SACRED GEOMETRY
Squaring the Circle
God the Geometer
..
God the Geometer, Manuscript illustration. Clark, Kenneth. Civilization. NY: Harper, 1969. p. 52


The importance of number symbolism was matched by a dedication to geometry. Kenneth Clark points out that ". . . to medieval man geometry was a divine activity . . ."

According to Cowan, churches had been built on geometric principles since early Christian times. Geometry was the basis of all Gothic cathedrals, everything being created from basic relationships. We've seen that the ground plan was always cruciform, the baptism font always octagonal, and the baptistry itself often was, and the circle was everywhere.

This was symbolized in art by God holding a pair of compasses, a common motif in the Middle Ages. The art historian Ernst Gombrich credits a passage from the Old Testament as the inspiration for these portrayals. 

In Proverbs, Chapter 8 par. 27, Wisdom put forth her voice;
"When he established the heavens I was there: when he set a compass upon the face of the deep:"

Source - Geometry Lecture University of Dartmouth


The Golden Ratio & Squaring the Circle in the Great Pyramid

"Twenty years were spent in erecting the pyramid itself: of this, which is square, each face is eight plethra, and the height is the same; it is composed of polished stones, and jointed with the greatest exactness; none of the stones are less than thirty feet." -Heroditus, Chap. II, para. 124.
 

The Giza Pyramids and Sphinx as depicted in 1610, showing European travelers Tompkins, Peter. Secrets of the Great Pyramid. NY: Harper, 1971. p. 22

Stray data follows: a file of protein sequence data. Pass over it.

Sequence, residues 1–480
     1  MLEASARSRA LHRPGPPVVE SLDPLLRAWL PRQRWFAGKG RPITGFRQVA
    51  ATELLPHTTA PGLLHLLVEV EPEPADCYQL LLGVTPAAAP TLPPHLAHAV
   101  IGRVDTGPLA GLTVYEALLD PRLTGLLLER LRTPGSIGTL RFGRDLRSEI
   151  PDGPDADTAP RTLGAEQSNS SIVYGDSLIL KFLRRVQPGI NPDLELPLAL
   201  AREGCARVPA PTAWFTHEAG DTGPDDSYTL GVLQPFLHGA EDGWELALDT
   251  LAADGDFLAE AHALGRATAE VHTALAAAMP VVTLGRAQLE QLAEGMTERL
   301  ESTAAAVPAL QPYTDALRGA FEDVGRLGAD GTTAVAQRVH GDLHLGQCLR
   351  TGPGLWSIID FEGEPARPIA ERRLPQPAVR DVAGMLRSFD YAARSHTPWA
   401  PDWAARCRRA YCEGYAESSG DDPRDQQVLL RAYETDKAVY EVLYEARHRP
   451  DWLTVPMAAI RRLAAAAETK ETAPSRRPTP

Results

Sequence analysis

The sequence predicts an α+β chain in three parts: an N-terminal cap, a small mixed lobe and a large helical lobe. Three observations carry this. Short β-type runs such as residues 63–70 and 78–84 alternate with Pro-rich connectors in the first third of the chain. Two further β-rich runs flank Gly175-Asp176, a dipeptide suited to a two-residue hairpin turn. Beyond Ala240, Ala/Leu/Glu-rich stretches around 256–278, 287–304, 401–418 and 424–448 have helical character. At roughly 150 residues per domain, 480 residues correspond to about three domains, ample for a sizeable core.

Heroditus (484?-425 BC), called the Father of History, was the first to write about the pyramids around 440 B.C.

In his History Heroditus says that the pyramids, already ancient, were covered with a mantle of highly polished stones joined with the greatest exactness.

Definition of the Golden Ratio

The golden ratio is also called extreme and mean ratio. According to Euclid,

A straight line is said to have been cut in extreme and mean ratio when, as the whole line is to the greater segment, so is the greater to the less.

Rest is here - LESSON 2

Egyptian Triangle ~ Kepler Triangle

Let's now return to the pyramids. If we take a cross-section through a pyramid we get a triangle. If the pyramid is the Great Pyramid, we get the so-called Egyptian Triangle. It is also called the Triangle of Price, and the Kepler triangle.

This triangle is special because it supposedly contains the golden ratio. In particular,the ratio of the slant height s to half the base b is said to be the golden ratio.

To verify this we have to find the slant height.

Rest is here - LESSON 2

The Star Cheops

A British railway engineer, Robert Ballard, saw the pyramids on his way to Australia to become chief engineer of the Australian railways. He watched from a moving train how the relative appearance of the three pyramids on the Giza plateau changed. He concluded that they were used as sighting devices, and wrote a book with the grand title of The Solution of the Pyramid Problem in 1882.

He also noted that the cross-section of the Great Pyramid is two of what we have called Egyptian triangles. He then constructs what he called a Star Cheops, which, he says, "... is the geometric emblem of extreme and mean ratio and the symbol of the Egyptian Pyramid Cheops."

To draw a star Cheops:

    * Draw vertical and horizontal axes.
    * Using their intersection as center, draw two circles, radius 1, and radius 1 + .
    * Superscribe a square about the smaller circle. This will be the base of the pyramid,
    * From the point where an axis cuts the outer circle, draw two lines to the corners of the square. The triangle obtained will be one face of the pyramid.